Several inspiring women panelists gathered together at the Global Entrepreneurship Summit in India to discuss the implications of artificial intelligence on humanity’s collective future. The all-star panel included Elizabeth Gore – Chairman of Alice, Nivruti Rai – Country General of Intel, Rama Kalyani Akkiraju – Distinguished engineer at IBM, and Shubha Nabar – Senior Director, Data Science at Salesforce. Here are the key takeaways:
- Artificial intelligence will make huge disruptions in the healthcare, manufacturing, and customer service sectors. From simplifying logistics to using image detection classification AI to using chatbots to streamline processes, huge changes are coming and jobs will shift as automation becomes inevitable.
- AI needs to become more accessible to the public. Part of understanding how to build an AI system is trusting and understanding what happens. This will require greater participation from the public. Companies will need to explain what AI is to users, in a way people understand, and what the implications are. The public also needs to put their trust in AI. Models should be somewhat transparent, and companies should be exposing the right metrics – the things you predict and how they correlate with what you predict a month later, a year later, etc. – in order to foster greater public trust around the model.
- Humanity is still an integral part of AI. Just because we’re moving towards a more automated future doesn’t mean that humanity will grow less important. If you think about it, the humanity behind AI is what makes our AI lovable, trusted, and usable. And there’s a good reason why we put human elements behind AI. Just think about prominent and popular AIs such as Watson, Siri, Alice, Einstein, etc. At the end of the day, the entrepreneurs and leaders that will be successful are the ones who don’t JUST know the technical capabilities of AI but also understand culture, humanity, and how to create a user-centered AI.
- The best founders and the data are the ones that use AI as a tool, not those who say “we are an AI company.” The most successful are the ones who take a holistic approach and use AI as a tool for end users. After all, users will always be king. When designing and building AI tools, we should be thinking about and designing for the person using AI, not the AI itselff.
- What should governments do to prepare the next generation to take advantage of AI? There is a lot of debate about AI leaving blue collar workers jobless and destroying the economy as we know it. The truth is that there will definitely be changes in the job landscape, but it will not necessarily leave us all jobless. Smart policy is necessary to train workers, create an economic security net, and begin the shift to a more digitized economy. Thinkers like Bill Gates have proposed a robot tax, where every job that a company gives to a robot his taxed a certain amount. That tax can then be leveraged to re-skill a person to create a different job for him/her in the new digital economy. In addition, we should be thinking of our politicians – how many are technology-literate? How many have a technological background? Everyone needs to take responsibility of who you’re putting into office or how public officials are getting educated in technology.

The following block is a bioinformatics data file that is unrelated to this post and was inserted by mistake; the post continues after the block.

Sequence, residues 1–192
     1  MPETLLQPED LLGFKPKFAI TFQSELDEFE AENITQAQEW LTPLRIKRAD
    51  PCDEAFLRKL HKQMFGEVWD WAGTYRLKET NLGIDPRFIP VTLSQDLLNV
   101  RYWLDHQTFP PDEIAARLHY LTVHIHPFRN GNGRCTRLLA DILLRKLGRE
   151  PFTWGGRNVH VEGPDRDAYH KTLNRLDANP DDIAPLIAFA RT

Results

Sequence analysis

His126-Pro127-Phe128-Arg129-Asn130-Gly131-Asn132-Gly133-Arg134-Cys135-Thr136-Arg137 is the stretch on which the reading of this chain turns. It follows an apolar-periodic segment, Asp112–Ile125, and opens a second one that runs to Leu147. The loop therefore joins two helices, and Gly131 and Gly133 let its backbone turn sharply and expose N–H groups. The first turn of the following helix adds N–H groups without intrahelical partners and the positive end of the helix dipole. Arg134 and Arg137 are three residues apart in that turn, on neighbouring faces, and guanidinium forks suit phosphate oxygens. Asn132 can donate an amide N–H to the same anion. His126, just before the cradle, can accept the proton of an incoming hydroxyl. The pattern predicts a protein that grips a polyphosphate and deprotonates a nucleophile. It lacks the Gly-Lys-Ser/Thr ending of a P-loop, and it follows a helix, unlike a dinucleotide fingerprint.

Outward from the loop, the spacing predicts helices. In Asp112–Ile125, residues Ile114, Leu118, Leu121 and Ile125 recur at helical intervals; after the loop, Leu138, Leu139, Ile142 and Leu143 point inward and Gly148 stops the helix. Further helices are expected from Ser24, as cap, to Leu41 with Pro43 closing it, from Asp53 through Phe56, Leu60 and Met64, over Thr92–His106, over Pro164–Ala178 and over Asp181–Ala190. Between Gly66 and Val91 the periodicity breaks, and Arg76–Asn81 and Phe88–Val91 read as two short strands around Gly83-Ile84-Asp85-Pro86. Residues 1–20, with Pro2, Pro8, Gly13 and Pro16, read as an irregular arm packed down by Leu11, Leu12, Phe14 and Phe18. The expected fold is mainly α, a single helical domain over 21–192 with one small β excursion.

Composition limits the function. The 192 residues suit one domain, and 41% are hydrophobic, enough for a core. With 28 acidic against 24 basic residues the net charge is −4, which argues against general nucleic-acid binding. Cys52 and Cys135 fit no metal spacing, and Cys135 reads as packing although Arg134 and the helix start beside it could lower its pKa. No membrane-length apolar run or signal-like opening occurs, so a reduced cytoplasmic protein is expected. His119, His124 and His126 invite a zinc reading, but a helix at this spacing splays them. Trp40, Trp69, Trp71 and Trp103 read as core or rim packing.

- AI reduces discrimination and lowers barriers to entry. Think about how ATMs changed society: you don’t get discriminated against by an ATM. It’s not about banks, tellers, or even VCs on the other side of the counter saying, “you don’t look the way I’m used to, and I have an unconscious bias against you.” You can withdraw money without discrimination. With AI, you’re automating more and more processes while striving to eliminate human bias and error. This is what we’re increasingly seeing with fintech companies such as Connector.ID and cryptocurrencies like Blockchain — the barrier to funding is lowered, transactions become more transparent, and corruption can be reduced.
The panel left the audience feeling hopeful about the future of AI, while also giving entrepreneurs a sense of how to integrate AI into their own companies. The discussion on AI is growing and has only just begun; it is up to leaders – including women entrepreneurs – to continue to build empathetic and user-centric AI tools to help create a better future.
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